By TOM GODFREY
Senator Don Meredith used his training as an ordained minister to comfort political colleagues during a tense 10-hour lockdown in Parliament as a gunman opened fire before being slain.
“It was a very frightening experience for all of us,” Meredith told Share of last week’s attempted siege of Parliament following the death of Cpl. Nathan Cirillo. “We were all kept in this room and no one knew what was going on at first.”
Meredith was the only Jamaican-Canadian among the more than 160 Conservative MPs and Senators in the meeting when gunfire erupted outside in the Hall of Honour, where a gunman was shot dead by Canada’s sergeant-at-arms, Kevin Vickers.
Cirillo, 24, was shot and killed while on honorary guard at the National War Memorial. The Hamilton reservist from the Argyll and Sutherland Highlanders of Canada was guarding the Tomb of the Unknown Soldier.
He was the second Canadian Armed Forces soldier to be killed in two days. Warrant Officer Patrice Vincent was run down in a Quebec parking lot by a car driven by a radicalized Muslim convert who was being monitored by police.
Cirillo, who received a full military funeral, leaves behind a six-year-old son.
“We heard bang, bang, bang and the security officials sprang into action to ensure everyone was safe,” a still-shaken Meredith said. “The entire Caucus was inside that room and there were gunshots right outside our door.”
He said Prime Minister Stephen Harper was speaking to Caucus as gunfire broke out. Harper was quickly spirited away to safety by an RCMP detail through a back door.
“He (the gunman) ran right by the door of our meeting room,” the Senator said. “If he knew the layout of the building or just turned left he could gain access to the Caucus room and it would have been a total disaster.”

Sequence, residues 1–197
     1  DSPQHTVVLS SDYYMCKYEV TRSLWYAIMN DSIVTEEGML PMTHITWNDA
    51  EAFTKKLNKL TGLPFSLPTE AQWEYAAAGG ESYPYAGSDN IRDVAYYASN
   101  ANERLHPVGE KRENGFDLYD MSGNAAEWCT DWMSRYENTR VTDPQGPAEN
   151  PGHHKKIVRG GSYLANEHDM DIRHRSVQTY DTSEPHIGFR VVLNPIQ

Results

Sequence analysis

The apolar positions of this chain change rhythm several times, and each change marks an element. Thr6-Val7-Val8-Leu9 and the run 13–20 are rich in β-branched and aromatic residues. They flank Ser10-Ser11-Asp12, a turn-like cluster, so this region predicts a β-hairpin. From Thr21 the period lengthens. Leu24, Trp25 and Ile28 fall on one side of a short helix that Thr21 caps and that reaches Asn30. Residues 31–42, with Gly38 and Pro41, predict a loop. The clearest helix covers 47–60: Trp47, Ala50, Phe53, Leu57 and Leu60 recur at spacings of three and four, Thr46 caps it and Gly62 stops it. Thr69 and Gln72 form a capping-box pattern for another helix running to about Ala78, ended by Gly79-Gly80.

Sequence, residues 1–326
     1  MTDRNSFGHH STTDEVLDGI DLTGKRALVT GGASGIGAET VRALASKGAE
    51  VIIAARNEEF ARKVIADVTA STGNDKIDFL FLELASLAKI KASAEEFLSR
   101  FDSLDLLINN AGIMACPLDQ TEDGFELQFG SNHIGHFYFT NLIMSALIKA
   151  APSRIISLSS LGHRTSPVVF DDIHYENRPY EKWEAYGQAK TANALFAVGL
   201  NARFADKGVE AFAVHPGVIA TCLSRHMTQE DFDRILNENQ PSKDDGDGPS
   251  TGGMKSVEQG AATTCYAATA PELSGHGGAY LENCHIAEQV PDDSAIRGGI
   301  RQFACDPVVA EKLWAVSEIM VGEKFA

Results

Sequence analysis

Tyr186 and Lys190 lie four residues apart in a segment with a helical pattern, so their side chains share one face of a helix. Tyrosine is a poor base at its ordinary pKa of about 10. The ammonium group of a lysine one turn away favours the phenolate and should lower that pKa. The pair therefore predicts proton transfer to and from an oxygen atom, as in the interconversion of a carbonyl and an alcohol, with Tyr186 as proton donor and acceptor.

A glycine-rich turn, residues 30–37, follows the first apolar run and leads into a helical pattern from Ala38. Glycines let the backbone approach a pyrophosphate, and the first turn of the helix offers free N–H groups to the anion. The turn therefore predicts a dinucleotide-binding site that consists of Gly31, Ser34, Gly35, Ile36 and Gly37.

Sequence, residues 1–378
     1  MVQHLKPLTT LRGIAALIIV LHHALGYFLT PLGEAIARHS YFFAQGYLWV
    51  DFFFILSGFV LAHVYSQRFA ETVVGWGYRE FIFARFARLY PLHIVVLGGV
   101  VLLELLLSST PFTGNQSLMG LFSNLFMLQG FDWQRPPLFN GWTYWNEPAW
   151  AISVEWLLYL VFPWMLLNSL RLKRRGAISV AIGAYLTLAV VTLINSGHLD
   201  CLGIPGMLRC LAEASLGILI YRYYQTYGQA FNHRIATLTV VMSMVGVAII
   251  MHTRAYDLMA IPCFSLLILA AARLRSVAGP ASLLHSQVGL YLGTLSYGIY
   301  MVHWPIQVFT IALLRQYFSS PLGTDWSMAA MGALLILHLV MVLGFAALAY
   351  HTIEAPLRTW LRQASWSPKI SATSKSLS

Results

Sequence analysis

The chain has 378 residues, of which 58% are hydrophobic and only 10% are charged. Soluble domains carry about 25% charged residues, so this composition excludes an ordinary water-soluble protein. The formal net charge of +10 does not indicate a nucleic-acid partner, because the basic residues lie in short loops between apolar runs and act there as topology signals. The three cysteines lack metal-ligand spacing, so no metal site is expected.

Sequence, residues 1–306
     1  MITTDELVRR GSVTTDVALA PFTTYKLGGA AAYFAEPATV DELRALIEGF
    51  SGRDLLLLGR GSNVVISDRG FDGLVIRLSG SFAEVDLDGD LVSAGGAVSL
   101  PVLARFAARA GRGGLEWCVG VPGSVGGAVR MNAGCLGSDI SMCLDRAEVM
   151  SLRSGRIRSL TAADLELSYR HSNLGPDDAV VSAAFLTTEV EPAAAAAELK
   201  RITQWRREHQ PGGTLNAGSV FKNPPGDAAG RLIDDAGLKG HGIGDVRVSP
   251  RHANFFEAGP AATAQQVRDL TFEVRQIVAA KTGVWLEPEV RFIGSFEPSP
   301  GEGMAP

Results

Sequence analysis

Almost 100 MPs of the NDP caucus were also meeting in a nearby room. Many of the nervous politicians were tweeting their experiences after placing tables and chairs against the doors to prevent the shooter from entering.
Meredith said the politicians calmed down after a few hours and were thinking of their families.
The volunteer pastor of Pentecostal Praise Centre Ministries in Maple said his years of spiritual training kicked in and he was comforting or offering help to his colleagues.
“As a man of faith I was helping to comfort my colleagues,” said Meredith. “I was finding resources to help some of my colleagues since we were all locked in.”
Meredith and his fellow politicians were released from lockdown after 8 p.m., as police conducted a search of the massive building.
Some of the MPs required their medication or had families waiting outside, he said.
“There were some people who were in discomfort and needed help,” said Meredith. “I was able to help some of those in need.”
He is still stunned that a gun battle can take place inside the halls of Parliament.
Meredith has visited many Toronto housing complexes without incident as founder and executive director of the GTA Faith Alliance, an interfaith group that seeks solutions to youth violence.
“No one expects to have bullets flying inside the Parliament building,” he said. “I didn’t expect gunfire so close to the heart of the Government of Canada.”
He said MPs are now more careful and vigilant of those around them, as all Canadians are urged to be.
The dead shooter is identified as Michael Zehaf-Bibeau, 32, who police claimed had converted to Islam and was trying to obtain a passport to travel to Syria.
His mother, a lawyer and executive of the Immigration and Refugee Board, said she had not seen her son for five years. His father is Libyan.
The killer of the first soldier is Martin Couture-Rouleau, a Muslim convert whom the RCMP had investigated as an Islamic State sympathizer. He was killed after his car crashed into a ditch during a police chase.